- Mitch Sherman, College Football
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LINCOLN, Neb. -- In an homage to their frantic and fruitful first few days on the job at Nebraska, Mike Riley’s coaches in future years may want to leave the comfort of their offices for a week every year at the height of recruiting season and drag their work to a conference room.
There, if linebackers coach Trent Bray and running backs coach Reggie Davis need to discuss a prospect, they can bypass cell phones and electronic messaging, forget even about walking down the hallway.
Sometimes, the most simple method to eliminate chaos is the most effective. And so it went for the Nebraska coaches in the days after Riley’s Dec. 4 hiring.
On the eve of signing day, with Riley set Wednesday to unveil his first recruiting class at Nebraska, the successes of the past 60 days in Lincoln can be traced to those two weeks of December madness.
The coach, four of his assistants and a core group of support staff uprooted their lives at Oregon State and immediately established a home base in that conference room amid the third-floor administrative offices at Memorial Stadium.
“We were all there, engaged with one purpose,” said Dan Van De Riet, Nebraska associate athletic director for football operations who worked with Riley at Oregon State for 14 years. “So it was actually really good.”
Their teamwork and efficiency proved vital in retaining the majority of commitments secured by the former staff and in laying the groundwork for a productive final recruiting stretch.
One floor below the makeshift nerve center in December, Nebraska’s departing assistants prepared the Huskers for the Holiday Bowl. Riley took his partially constructed staff, in their first hours together at Nebraska, straight to meet the outgoing coaches.
“They knew we were there,” Bray said last month. “We knew they were there, so why hide and pretend you’re not there?”
From those opening days, Riley attacked challenges. His first results of substance, on display Wednesday, are a testament to the coach’s skill as an executive and illustrative of the trust he places in hires at various levels of the football program.
Often, the first group of recruits signed by a coach after a postseason change is not indicative of his style or the game plan for future recruiting classes. The new guy gets a pass, more or less; it happened at Nebraska after moves that followed the 2003 and 2007 seasons.
No such luxury exists for Riley as Nebraska looks to improve on seven consecutive nine- or 10-win seasons.
Sure, he’ll get a grace period to learn of the culture and expectations.
How about until the end of spring practice?
The Huskers’ class ranks 32nd nationally and fifth in the Big Ten. Given more time, Riley and his recruiters figure to sign groups with more flash and bang. More important than its ranking, though, this class doesn’t feel rushed -- as so many do when built after a coaching change.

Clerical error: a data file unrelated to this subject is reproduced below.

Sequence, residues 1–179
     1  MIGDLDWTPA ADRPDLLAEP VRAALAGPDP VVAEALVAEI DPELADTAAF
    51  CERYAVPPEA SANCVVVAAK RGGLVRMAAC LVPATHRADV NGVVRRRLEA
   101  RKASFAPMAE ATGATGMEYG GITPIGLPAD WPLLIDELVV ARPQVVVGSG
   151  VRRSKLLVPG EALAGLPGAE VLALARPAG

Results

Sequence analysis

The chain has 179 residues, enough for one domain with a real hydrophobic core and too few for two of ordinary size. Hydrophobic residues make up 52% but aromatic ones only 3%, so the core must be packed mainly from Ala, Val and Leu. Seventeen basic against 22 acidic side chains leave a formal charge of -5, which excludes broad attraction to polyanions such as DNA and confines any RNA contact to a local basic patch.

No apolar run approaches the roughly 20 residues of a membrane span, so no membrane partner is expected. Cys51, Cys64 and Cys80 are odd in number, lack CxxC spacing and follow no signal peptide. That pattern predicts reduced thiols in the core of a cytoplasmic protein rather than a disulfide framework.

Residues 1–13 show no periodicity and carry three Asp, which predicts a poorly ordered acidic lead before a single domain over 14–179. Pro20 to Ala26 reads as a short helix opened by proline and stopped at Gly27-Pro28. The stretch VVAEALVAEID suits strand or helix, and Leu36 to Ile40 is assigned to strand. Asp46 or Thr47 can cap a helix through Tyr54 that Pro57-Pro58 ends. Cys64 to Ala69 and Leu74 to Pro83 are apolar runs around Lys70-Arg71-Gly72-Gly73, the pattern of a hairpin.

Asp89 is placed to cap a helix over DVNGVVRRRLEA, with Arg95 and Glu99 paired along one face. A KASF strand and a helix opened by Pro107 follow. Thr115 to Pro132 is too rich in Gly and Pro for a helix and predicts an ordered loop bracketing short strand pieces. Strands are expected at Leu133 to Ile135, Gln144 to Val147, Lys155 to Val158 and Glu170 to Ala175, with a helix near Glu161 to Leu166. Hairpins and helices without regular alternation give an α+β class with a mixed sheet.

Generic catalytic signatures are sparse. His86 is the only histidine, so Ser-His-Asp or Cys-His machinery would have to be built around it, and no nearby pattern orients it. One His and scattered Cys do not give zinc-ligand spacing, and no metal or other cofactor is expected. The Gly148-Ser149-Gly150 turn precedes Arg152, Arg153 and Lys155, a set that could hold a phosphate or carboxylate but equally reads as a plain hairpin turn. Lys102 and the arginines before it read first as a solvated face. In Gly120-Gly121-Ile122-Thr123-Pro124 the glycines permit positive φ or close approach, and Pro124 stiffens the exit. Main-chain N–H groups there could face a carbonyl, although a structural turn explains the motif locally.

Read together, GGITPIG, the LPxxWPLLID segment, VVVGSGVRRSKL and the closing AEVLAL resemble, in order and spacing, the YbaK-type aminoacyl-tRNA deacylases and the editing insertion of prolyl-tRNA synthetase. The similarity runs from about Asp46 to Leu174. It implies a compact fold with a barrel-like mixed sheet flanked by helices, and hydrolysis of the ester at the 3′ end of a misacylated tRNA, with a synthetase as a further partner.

Riley and his coaches found fits. They kept key pieces, headlined by Colorado defensive backs Eric Lee and Avery Anderson, who enrolled in January, twin defensive linemen Carlos and Khalil Davis and defensive end Daishon Neal.
Nebraska added a four-star talent in offensive guard Jalin Barnett and scored a legitimate recruiting win over Michigan in keeping tight end Matt Snyder. They added pledges from the states of California, Florida, Texas, Georgia and Louisiana, which bodes well for next year and beyond.
On social media, the Huskers showed an innovative spirit.
They sought to address a potential weakness within the borders of their own state as not a single coach on Riley’s staff has recruited extensively in Nebraska. A call to Paul Limongi, president of the Omaha Metro Coaches Association, was among the first placed by Van De Riet, the administrator who flew to Nebraska with Riley on his first trip two months ago.
“Reaching out is key,” said Limongi, coach at Omaha’s Burke High School. “It was really refreshing to hear from him. It seems like they’re headed in the right direction.”
Scott Strohmeier, coach at Iowa Western Community College, said he, too, has engaged in preliminary conversation with Nebraska about growing the relationship between his program -- one of the nation’s most successful at the juco level -- and the nearby Huskers.
The new Nebraska staff won’t abandon its diverse recruiting strongholds for local kids. But a key to their success involves finding a balance.
“When you recruit local, the kids are a little more invested,” offensive coordinator Danny Langsdorf said. “I do think it’s important to start here and work out from there.”
It seems, so far, Riley and his coaches have done their homework -- aided, perhaps, by a two-week, conference-room session of mind-melding at the start.
Coach Mike Riley and his staff have taken steps to try to improve Nebraska's local recruiting efforts.